Former Egyptian president, Mohamed Morsi, could die a slow death from torture if he continues to be denied medical attention.
Maha Azzam, President of the Egyptian Revolutionary Council, told MEMO today that the denial of medication to Morsi constitutes a form of torture and urged the international community to intervene urgently to ensure his safety and well-being. Azzam explained that torture is systematic in the Egyptian prison system, responsibility for which must be taken by the current Egyptian regime.
Morsi, who is diabetic and suffers from hypertension and liver disease, is being held in dire conditions at Tora prison in Cairo. He has been sentenced on a range of charges, which include harming national security by leaking state secrets to foreign countries and the killing of protesters during public demonstrations in 2012. He has appeared in three trials since his initial arrest, and a death sentence, which was handed to him in a fourth case, was overturned in November 2016.
A recent report by a panel of British MPs and lawyers announced that “if Dr Morsi isn’t provided with medical attention, the damage to his health may be permanent or terminal.” The panel, which was led by Crispin Blunt, former chairman of the Foreign Affairs Select Committee, told The Times “responsibility for [damage to his health] goes all the way up the chain of command.”
Ahmed El Attar, Human Rights Researcher at the Egyptian Coordination of Rights and Freedoms, told MEMO that despite repeatedly requesting the necessary medical care in a series of court appearances, Morsi has been denied this basic right. El Attar sees this denial of medical care as a form of punishment being used by the regime against its political prisoners and emphasises that Morsi is not the only prisoner to be treated as such. In his latest appearance in court in late 2017, Morsi’s solicitor told the judge he “feared for his life” if he continued to suffer such mistreatment.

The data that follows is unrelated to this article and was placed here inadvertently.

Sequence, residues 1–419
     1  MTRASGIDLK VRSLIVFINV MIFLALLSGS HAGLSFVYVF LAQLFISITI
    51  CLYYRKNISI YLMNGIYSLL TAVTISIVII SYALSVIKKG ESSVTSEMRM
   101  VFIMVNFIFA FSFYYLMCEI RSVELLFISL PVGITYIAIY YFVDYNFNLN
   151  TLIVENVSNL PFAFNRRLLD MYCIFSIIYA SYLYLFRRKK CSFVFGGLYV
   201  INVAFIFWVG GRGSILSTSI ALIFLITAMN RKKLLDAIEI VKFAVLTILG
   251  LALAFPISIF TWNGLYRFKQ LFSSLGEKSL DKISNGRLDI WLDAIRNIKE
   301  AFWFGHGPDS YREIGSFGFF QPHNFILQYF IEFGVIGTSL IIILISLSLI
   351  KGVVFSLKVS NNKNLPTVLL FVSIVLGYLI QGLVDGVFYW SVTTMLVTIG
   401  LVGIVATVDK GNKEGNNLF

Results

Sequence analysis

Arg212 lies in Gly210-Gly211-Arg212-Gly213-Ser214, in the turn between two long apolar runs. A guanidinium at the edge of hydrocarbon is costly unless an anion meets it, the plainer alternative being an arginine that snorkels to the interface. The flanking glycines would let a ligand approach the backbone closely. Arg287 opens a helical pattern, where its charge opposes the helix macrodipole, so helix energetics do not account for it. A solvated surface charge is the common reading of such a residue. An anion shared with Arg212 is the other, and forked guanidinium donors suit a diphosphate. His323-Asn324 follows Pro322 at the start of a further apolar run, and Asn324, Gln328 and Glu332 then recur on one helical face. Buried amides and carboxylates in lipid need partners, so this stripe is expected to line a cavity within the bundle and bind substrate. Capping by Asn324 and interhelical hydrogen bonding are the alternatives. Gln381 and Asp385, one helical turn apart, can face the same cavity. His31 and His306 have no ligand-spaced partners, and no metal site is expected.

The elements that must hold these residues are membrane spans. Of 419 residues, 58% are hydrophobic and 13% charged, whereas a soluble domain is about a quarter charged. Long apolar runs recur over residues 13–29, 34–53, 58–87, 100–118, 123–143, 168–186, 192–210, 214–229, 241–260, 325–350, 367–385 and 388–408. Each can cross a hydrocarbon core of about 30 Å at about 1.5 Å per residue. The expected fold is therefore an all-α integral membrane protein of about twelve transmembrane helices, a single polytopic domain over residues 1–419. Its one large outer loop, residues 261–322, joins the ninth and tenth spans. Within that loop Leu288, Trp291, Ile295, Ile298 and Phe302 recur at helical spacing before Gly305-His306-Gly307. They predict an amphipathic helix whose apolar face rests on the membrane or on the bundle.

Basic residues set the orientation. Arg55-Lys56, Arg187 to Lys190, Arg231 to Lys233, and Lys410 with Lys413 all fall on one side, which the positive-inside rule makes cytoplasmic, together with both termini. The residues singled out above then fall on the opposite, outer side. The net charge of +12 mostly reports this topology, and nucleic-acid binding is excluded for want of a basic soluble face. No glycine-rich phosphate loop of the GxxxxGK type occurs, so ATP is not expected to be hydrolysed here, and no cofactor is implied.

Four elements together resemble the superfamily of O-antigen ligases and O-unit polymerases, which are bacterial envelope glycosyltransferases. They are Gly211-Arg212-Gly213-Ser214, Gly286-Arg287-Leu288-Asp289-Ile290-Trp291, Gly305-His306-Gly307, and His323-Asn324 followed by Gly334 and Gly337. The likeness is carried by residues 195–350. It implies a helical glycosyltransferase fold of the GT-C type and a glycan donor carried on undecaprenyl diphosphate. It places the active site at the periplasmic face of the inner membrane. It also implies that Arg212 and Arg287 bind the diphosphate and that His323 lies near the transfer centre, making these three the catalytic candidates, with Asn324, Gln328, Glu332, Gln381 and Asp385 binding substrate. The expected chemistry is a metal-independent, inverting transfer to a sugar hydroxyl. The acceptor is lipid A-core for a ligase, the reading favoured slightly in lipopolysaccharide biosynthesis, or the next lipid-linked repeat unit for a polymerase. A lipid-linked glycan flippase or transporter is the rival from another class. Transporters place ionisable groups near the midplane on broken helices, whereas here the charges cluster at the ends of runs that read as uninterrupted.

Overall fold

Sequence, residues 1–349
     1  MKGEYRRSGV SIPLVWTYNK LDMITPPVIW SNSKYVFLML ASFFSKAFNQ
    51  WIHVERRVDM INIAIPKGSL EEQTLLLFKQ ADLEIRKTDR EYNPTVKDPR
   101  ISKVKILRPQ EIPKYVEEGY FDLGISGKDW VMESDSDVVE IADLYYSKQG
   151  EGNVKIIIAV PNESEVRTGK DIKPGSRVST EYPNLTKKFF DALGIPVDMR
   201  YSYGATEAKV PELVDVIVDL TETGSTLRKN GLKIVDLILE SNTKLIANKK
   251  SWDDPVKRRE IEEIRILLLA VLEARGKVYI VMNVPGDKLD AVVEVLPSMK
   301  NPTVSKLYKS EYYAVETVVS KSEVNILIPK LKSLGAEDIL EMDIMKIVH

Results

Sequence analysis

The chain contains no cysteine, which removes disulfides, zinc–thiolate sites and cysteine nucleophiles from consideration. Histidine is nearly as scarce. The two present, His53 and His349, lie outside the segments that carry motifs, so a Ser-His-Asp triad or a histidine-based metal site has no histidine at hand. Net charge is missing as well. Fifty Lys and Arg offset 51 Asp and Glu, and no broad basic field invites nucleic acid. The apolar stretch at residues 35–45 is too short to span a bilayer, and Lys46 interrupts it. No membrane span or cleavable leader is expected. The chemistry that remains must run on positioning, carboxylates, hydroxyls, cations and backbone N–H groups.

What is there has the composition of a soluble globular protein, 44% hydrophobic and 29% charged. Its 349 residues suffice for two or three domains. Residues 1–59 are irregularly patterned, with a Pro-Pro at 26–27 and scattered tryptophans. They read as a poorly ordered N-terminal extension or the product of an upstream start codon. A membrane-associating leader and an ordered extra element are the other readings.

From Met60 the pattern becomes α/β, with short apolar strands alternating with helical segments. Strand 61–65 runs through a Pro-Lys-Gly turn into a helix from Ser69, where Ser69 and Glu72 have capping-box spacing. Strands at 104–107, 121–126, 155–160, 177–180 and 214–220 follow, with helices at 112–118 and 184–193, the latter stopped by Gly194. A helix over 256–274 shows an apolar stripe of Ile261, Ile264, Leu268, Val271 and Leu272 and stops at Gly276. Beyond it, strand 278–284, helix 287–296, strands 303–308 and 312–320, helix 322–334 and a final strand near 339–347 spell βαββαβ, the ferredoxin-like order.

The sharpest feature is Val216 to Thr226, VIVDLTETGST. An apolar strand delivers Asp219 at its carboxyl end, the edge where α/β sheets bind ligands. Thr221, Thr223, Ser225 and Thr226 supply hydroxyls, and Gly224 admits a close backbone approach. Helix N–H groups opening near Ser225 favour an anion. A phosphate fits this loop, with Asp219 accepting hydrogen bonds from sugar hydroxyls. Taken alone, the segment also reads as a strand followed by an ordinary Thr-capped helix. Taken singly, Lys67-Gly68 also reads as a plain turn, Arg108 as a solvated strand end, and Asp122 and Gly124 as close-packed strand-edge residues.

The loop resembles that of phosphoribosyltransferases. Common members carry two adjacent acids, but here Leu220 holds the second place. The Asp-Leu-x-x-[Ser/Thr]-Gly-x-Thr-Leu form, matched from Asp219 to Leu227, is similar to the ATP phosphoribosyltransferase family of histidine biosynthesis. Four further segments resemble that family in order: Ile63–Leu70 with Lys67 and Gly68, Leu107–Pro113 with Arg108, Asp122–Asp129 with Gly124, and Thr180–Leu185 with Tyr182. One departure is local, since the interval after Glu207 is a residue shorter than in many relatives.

Mohamed Morsi was Egypt’s first democratically-elected president, coming to power in 2012 with 51 per cent of the vote over his rival Ahmed Shafiq. Morsi was a member of the Muslim Brotherhood, a group now banned under Al-Sisi’s regime after a surge in popular support following the uprisings of 2011.
Morsi’s arrest came immediately after he was overthrown by a military coup in July 2013. The coup was led by General Abdel Fattah Al-Sisi, the Egyptian army chief, who has since served as President of Egypt. Al-Sisi looks likely to be re-elected as Egypt goes to the polls today, following a crackdown on opposition figures who announced their intention to stand against him.
Azzam emphasised that, as the first democratically-elected president of Egypt, democratic governments across the world have a responsibility to ensure the safety and well-being of Morsi. This is particularly important in light of the fact that today’s elections do not meet international standards for free and fair elections.
Morsi is just one of 60,000 political prisoners being held in Egyptian prisons, with a further 15,000 civilians thought to have been subject to military trial since 2014. Human Rights Watch has pointed to figures from the Egyptian Coordination for Rights and Freedoms (ECRF), that show 30 people died from torture while being held in police stations and other Interior Ministry detention sites between 2013 and 2015. In 2016, the ECRF lawyers received 830 torture complaints, and a further 14 people had died from torture in custody.